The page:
1,000 Mysteries and the Ideal Reader

A common piece of advice given to writers is to envision your ideal reader and write your book to that person. And although I didn’t do that when I wrote A Real Piece of Work (I wrote it for myself first and an audience second), I did have in mind one reader whose attention and respect I hoped to gain: my great and generous friend, Jason Scott.

Recently, after some mild prodding on my part, Jason posted a review of the book on Amazon, declaring that “I for one hope that the series goes on forever,” and making other lush and laudatory comments about my book. And I’m grateful for all of his praise.

But the thing I’m proudest about has to do with a critical fact about himself that Jason left out. Jason, you see, has read over 1,000 mysteries and thrillers. Think about that: a THOUSAND books in two closely-related genres.

Not Jason's pile, but it does eerily resemble the piles I saw around his house when I helped him move.

He’s the only person I know who has read every single one of Agatha Christie’s novels, all of Dick Francis’s work, all of Chandler, Parker, MacDonald (Ross & John D.), Cain, Le Carré, Fleming, Ludlum, Westlake, Block, Rex Stout (Nero Wolfe), Sir Arthur Conan Doyle (Sherlock Holmes), and many more. Even I, a writer of this stuff, can’t make this claim.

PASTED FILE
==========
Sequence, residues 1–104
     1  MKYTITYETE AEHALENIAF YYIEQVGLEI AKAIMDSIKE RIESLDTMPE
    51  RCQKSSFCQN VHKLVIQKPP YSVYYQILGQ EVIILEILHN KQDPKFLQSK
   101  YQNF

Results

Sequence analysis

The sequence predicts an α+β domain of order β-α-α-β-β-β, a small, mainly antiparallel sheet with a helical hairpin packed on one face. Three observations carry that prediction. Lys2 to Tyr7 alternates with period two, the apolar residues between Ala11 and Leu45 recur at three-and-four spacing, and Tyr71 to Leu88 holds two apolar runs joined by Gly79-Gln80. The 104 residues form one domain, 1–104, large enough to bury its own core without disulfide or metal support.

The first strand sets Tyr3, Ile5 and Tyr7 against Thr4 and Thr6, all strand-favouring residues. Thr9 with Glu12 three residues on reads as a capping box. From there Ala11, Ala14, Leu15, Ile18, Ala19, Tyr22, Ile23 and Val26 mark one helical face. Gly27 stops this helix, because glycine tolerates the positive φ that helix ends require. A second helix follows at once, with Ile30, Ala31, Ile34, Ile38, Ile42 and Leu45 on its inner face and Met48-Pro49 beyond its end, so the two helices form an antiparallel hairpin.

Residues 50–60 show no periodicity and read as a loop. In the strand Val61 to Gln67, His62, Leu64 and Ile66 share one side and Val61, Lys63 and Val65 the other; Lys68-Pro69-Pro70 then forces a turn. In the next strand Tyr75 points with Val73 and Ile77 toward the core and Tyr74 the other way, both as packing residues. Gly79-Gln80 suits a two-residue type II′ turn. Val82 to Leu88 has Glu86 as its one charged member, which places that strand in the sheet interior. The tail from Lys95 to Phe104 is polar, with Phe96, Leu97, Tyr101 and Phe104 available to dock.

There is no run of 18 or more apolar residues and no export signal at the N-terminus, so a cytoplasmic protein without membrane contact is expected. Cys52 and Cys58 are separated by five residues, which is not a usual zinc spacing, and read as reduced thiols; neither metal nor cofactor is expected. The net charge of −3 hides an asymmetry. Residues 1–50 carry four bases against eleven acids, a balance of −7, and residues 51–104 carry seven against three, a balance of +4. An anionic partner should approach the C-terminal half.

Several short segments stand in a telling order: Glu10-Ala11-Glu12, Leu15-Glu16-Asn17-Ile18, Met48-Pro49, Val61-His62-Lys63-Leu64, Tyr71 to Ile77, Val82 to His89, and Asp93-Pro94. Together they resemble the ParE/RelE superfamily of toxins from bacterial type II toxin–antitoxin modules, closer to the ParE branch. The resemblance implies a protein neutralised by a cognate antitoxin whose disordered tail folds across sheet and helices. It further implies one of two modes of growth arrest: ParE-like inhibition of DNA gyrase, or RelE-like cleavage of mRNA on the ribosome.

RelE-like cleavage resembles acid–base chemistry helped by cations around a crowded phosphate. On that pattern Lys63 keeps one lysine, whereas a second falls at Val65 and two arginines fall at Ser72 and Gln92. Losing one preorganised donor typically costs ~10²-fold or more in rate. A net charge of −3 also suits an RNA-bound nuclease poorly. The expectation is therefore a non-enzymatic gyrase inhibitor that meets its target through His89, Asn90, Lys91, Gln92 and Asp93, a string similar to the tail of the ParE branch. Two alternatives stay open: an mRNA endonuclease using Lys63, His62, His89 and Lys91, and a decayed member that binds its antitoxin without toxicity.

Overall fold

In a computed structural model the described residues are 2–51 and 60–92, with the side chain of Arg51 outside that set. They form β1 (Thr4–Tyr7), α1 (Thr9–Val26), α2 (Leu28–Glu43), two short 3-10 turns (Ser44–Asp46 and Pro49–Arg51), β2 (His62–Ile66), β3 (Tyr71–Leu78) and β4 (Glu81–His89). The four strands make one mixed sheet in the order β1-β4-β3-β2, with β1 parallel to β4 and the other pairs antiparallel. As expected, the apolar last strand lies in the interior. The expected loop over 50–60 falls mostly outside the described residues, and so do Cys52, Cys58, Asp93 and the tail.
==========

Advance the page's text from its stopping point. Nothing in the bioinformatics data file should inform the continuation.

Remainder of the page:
He’s read over 1,000 mysteries and thrillers by those esteemed authors, and he now ranks my novel, A Real Piece of Work, among the best of them. I can’t describe what an honor this is.

But what makes his review and assessment of my book so meaningful to me is that I know he doesn’t give idle praise. Jason doesn’t do quid pro quo.

If he likes a thing, he says he likes it, and it doesn’t matter who created it; however, if he dislikes a thing, he can be brutal in his criticisms, and again it doesn’t matter who created the thing. For example, one of the subjects for which he became semi-notorious is Wikipedia, and his speech “The Great Failure of Wikipedia,” while perhaps not unassailable in terms of its logic, does a masterful job of raising questions about the information giant—questions that, at the time (2006), no one else was asking.

Obviously I wrote the novel hoping that all mystery readers would love it. But knowing that’s an impossibility, I’ll settle for the praise and respect of the guy who’s read over 1,000 of them.

Here, by the way, in case you’re curious, is Jason’s review of A Real Piece of Work.

 

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By Chris Orcutt

Writer — The Dakota Stevens Mystery Series, Short fiction, Plays — Editor & Speechwriter for Hire — Avid Golfer, Chess Player & Awesome Wood-Splitter — Twitter: @chrisorcutt

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